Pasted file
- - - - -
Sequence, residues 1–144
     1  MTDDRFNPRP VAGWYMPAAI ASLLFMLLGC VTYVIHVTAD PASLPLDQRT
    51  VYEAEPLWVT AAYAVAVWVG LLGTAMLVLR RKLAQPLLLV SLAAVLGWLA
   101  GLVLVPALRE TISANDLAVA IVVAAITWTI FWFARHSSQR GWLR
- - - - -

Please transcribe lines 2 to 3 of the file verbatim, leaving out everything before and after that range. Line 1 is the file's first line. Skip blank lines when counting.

     1  MTDDRFNPRP VAGWYMPAAI ASLLFMLLGC VTYVIHVTAD PASLPLDQRT
    51  VYEAEPLWVT AAYAVAVWVG LLGTAMLVLR RKLAQPLLLV SLAAVLGWLA